Game Theory Models for Organizational/Public Conflict. Priscilla Murphy (Drexel University) Abstract: This paper applies game theory to conflicts between organizations and publics.
Noncooperative games--the duel (Chernobyl), the game of tag (Ford Pinto), and the escalation game (A. H. Robins' Dalkon Shield)--are contrasted with a cooperative bargaining game between an organization and its publics (Procter & Gamble's Rely tampon recall). Résumé: Cette étude applique la Théorie des jeux aux situations de conflits ou de crises entre des organisations et des parties du public. Social Media Crisis Simulation for Disaster Preparedness Training.
Social Simulator: Crisis simulation exercises - The Social Simulator. The Social Simulator™ is a hands-on, private environment to practice the language, tools and norms of the social web for social media PR and crisis response.
The Simulator uses innovative software to simulate social media debate via a number of commonly used social media platforms including Twitter, Facebook, blogs, video and online media sources. This is backed up by role-players who simulate the citizen, media and community reactions in a realistic, real time scenario – from scurrilous hashtag rumours to nasty phone calls.
The Simulator works with groups from 2-50, and can take place on-site or remotely across multiple locations. Adapt your Crisis Management Plan for social media. What The New York Times Didn’t Tell You. What The New York Times Didn’t Tell You “Nearly every person I worked with, I saw cry at their desk.”
If you read the recent New York Times article about Amazon’s culture, you remember that quote. Attributed to Bo Olson, the image of countless employees crying at their desks set the tone for a front-page story that other media outlets described as “scathing,” “blistering,” “brutal” and “harsh.” Olson’s words were so key to the narrative the Times wished to construct that they splashed them in large type just below the headline. Here’s what the story didn’t tell you about Mr. Nobel laureate Tim Hunt resigns after 'trouble with girls' comments.
A Nobel laureate who said that scientists should work in gender-segregated labs and that the trouble with “girls” is that they cause men to fall in love with them has resigned from his position at University College London (UCL).
Tim Hunt, an English biochemist who admitted that he had a reputation for being a “chauvinist”, had made the comments at the World Conference of Science Journalists in Seoul, South Korea, where he said: “Let me tell you about my trouble with girls … three things happen when they are in the lab … You fall in love with them, they fall in love with you and when you criticise them, they cry.”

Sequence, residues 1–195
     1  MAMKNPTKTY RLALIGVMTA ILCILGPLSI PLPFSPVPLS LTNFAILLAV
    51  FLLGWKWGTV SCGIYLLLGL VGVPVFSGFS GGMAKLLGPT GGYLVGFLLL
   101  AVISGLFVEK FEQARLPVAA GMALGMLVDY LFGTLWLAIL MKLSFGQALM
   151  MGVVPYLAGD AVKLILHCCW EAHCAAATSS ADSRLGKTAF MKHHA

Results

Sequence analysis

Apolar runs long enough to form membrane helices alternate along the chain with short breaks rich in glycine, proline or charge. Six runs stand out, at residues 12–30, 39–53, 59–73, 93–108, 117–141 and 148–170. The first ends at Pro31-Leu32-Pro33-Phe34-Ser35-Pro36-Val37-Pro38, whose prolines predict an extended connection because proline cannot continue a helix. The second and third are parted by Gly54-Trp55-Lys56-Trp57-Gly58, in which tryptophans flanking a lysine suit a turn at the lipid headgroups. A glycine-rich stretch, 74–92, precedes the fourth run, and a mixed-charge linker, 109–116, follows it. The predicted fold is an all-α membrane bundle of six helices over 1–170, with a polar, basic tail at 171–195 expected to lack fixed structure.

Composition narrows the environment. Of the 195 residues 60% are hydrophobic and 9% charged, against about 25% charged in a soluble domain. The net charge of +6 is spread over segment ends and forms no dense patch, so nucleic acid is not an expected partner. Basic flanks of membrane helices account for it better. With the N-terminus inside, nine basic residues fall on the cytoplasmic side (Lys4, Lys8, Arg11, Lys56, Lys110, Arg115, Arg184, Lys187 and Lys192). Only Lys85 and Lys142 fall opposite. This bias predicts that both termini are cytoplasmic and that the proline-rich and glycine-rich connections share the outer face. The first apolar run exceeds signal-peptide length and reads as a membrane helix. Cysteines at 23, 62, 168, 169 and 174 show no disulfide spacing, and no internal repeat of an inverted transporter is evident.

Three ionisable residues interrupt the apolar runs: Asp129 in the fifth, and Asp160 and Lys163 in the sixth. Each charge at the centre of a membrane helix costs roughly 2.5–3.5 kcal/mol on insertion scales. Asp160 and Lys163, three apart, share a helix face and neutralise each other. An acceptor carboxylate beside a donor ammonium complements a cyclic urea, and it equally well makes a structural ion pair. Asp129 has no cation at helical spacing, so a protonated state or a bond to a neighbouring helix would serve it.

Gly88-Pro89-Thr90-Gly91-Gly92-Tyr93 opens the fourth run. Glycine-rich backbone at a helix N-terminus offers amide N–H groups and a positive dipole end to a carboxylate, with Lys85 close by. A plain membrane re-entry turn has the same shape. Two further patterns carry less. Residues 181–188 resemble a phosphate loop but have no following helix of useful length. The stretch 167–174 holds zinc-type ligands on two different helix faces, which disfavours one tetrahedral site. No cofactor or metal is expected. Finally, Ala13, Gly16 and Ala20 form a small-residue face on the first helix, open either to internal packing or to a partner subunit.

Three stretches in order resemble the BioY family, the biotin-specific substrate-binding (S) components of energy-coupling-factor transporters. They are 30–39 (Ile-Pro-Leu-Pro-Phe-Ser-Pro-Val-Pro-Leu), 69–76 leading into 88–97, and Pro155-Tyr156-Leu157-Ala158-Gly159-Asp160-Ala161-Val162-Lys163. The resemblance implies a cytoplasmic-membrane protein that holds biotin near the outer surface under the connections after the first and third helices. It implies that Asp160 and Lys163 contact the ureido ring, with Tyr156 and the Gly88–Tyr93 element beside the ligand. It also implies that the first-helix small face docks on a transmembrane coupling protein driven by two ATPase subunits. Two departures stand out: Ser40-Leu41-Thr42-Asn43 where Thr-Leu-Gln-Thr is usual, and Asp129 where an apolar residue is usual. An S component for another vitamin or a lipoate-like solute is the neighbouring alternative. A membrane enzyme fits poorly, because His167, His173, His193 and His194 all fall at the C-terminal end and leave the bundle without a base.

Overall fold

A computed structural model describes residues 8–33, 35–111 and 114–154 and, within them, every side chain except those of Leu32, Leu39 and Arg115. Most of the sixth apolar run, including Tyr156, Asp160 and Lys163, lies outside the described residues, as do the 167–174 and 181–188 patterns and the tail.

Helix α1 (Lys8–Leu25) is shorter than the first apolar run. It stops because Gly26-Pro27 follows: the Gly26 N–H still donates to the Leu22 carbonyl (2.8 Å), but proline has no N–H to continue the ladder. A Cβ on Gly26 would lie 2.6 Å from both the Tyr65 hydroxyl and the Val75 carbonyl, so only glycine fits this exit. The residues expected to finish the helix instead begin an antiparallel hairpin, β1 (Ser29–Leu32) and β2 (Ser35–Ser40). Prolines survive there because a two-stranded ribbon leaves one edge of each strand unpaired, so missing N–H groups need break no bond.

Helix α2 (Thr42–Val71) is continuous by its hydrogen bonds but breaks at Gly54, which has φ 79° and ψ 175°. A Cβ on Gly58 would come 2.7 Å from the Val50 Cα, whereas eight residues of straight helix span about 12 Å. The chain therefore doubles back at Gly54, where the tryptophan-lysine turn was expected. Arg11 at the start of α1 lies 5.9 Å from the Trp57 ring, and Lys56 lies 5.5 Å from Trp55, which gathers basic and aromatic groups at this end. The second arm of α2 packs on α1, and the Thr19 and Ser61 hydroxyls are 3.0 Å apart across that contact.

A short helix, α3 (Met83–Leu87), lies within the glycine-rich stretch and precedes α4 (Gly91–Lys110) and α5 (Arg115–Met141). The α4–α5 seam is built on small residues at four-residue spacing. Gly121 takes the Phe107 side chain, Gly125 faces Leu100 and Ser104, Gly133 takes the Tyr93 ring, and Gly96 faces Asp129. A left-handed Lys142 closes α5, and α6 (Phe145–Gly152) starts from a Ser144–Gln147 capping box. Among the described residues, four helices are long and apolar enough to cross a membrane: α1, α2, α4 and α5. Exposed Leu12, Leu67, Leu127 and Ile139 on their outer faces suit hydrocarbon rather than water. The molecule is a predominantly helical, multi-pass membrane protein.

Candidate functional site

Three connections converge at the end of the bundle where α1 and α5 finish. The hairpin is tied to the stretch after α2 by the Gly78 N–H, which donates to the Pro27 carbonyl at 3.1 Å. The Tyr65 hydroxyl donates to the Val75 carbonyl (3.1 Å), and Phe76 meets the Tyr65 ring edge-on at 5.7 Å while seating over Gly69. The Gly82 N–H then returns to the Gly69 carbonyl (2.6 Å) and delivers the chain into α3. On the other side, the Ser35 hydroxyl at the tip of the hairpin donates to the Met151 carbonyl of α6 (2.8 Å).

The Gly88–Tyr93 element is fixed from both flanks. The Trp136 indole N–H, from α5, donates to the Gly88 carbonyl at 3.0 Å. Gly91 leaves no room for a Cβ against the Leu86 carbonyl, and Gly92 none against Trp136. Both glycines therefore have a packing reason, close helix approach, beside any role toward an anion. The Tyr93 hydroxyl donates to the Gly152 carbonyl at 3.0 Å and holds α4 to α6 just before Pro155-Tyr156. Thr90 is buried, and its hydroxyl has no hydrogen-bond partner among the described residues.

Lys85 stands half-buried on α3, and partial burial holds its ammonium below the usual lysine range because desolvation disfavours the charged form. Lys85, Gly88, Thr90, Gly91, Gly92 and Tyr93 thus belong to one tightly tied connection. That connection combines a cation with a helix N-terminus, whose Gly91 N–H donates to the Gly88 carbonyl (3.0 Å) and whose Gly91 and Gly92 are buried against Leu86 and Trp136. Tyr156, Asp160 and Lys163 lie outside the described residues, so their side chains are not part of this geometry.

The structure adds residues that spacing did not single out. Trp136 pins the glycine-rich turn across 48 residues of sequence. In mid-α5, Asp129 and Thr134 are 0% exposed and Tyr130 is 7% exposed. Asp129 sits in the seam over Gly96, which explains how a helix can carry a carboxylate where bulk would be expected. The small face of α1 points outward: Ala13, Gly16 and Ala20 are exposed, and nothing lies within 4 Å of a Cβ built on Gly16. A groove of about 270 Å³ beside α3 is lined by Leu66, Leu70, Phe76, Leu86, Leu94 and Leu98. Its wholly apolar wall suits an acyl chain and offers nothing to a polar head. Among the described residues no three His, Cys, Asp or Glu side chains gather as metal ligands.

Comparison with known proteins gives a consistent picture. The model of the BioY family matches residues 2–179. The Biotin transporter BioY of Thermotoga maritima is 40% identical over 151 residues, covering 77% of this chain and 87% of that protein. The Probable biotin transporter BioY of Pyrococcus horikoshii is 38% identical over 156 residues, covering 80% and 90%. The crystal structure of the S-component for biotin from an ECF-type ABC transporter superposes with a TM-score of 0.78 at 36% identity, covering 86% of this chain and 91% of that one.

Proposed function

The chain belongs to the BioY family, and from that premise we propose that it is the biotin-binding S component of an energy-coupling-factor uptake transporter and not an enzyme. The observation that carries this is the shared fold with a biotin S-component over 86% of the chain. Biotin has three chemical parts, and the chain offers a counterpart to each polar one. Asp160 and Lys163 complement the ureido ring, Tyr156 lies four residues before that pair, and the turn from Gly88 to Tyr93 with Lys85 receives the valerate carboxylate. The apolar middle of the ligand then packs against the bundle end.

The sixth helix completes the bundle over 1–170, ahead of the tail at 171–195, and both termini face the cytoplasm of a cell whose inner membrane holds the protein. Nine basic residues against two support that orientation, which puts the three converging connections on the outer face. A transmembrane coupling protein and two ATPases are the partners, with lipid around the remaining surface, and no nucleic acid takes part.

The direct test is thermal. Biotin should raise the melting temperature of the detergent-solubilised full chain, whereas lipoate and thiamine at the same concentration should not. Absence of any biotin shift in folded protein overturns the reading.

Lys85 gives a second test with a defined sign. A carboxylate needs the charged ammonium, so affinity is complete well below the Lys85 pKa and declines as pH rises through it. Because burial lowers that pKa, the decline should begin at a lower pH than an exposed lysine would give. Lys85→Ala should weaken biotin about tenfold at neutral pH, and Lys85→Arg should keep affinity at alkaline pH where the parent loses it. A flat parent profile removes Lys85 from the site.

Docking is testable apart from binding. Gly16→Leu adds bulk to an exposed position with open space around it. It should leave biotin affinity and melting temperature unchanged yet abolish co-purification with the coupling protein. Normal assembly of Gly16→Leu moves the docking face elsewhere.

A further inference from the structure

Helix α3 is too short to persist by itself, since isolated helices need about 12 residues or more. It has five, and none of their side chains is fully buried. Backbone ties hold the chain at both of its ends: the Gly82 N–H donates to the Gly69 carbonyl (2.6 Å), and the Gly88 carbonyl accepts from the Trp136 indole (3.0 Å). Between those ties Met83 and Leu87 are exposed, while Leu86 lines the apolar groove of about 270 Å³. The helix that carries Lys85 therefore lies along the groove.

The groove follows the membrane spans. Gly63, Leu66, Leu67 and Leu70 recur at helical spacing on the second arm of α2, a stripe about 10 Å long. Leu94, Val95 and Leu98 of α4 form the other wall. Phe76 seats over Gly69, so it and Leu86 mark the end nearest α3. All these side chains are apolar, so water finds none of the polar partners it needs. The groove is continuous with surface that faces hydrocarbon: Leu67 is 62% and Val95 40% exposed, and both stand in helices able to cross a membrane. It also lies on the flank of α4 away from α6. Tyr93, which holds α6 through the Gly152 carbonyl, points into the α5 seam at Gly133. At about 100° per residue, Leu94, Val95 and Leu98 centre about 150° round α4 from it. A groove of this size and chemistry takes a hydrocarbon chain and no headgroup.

In a statement published on its website UCL said that it could confirm that Hunt had resigned on Wednesday from his position as honorary professor with the UCL Faculty of Life Sciences, “following comments he made about women in science at the World Conference of Science Journalists on 9 June”. Explicit cookie consent. SORRY can be hard word for corporations to say.
Thomas Cook, a British tour operator, has found itself at the centre of intense criticism this week, after it initially refused to apologise for the deaths of two young children a decade ago, whose family had booked a holiday through the firm. Facts about Starbucks in the Middle East. It is disheartening that calls for boycotts of Starbucks stores and products, which are based on blatant untruths, have had direct impacts on local economies and residents, and have also led to violent situations involving our stores, partners (employees) and customers.
Our more than 200,000 partners and business associates around the globe have diverse views about a wide range of topics. Regardless of that spectrum of belief, Starbucks Coffee Company remains a non-political organization. We do not support any political or religious cause. Further, allegations that Starbucks provides financial support to the Israeli government and/or the Israeli Army in any way are unequivocally false. Nieuw tabblad.
Uber surge pricing: sound economic theory, bad business practice. When the snow started falling in New York City this past weekend, the prices for a ride in an Uber car began rising.
It's part of the company's long-standing policy of "surge pricing": using an algorithm that raises prices to adjust for demand. Uber says the higher prices motivate more drivers to hit the road, ensuring that there are always enough cars available for customers, at least those who can afford much steeper fares. The adjusted prices, which got as high as $35 a mile, were roughly eight times the regular fare. The minimum of $175 a ride took many customers by surprise and they reacted with anger. Surge pricing happens regularly in Uber’s busiest markets, and has drawn customer outrage and media scrutiny before, including in New York during the snowstorm on New Year's Eve, 2011, and during Hurricane Sandy.
Uber CEO Travis Kalanick has always staunchly defended the practice. 5 Ingredients of an Effective Apology.
Countering accusations with inoculation: The moderating role of consumer-company identification. Highlights.